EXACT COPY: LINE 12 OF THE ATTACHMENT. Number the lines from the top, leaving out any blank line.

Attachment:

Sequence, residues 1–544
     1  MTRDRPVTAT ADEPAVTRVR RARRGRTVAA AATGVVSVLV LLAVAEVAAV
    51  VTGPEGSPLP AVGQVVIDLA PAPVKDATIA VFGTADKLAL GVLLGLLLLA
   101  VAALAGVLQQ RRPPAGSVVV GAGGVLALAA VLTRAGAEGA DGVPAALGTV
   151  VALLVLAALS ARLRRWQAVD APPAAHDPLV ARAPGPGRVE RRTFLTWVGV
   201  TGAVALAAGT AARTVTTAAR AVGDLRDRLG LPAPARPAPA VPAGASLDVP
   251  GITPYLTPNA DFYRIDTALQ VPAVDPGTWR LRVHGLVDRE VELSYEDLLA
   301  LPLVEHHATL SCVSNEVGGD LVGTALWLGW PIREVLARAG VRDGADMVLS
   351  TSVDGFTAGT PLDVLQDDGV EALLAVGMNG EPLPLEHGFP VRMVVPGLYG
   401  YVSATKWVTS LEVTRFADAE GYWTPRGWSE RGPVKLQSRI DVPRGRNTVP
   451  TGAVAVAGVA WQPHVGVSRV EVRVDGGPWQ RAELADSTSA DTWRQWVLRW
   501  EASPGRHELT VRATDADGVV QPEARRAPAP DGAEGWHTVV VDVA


   501  EASPGRHELT VRATDADGVV QPEARRAPAP DGAEGWHTVV VDVA